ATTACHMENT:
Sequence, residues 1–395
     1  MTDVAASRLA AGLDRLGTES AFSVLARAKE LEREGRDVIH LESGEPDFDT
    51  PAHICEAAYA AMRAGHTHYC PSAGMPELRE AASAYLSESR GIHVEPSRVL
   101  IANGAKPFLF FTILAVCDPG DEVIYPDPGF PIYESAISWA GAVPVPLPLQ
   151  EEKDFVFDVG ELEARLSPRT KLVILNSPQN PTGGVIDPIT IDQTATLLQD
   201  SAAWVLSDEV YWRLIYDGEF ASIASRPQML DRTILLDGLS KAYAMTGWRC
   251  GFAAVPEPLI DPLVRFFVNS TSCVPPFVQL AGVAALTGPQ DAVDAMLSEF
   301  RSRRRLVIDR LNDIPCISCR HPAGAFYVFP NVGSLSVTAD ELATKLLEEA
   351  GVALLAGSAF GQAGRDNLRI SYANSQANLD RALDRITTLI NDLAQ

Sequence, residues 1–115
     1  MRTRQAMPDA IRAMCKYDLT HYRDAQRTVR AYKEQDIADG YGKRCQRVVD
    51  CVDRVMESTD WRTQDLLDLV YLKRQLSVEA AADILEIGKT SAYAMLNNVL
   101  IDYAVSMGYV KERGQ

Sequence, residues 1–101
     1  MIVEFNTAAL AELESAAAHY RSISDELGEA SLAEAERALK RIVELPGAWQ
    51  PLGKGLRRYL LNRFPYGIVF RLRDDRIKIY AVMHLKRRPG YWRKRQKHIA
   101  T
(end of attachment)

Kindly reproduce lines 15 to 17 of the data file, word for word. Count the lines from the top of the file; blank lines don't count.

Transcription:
     1  MIVEFNTAAL AELESAAAHY RSISDELGEA SLAEAERALK RIVELPGAWQ
    51  PLGKGLRRYL LNRFPYGIVF RLRDDRIKIY AVMHLKRRPG YWRKRQKHIA
   101  T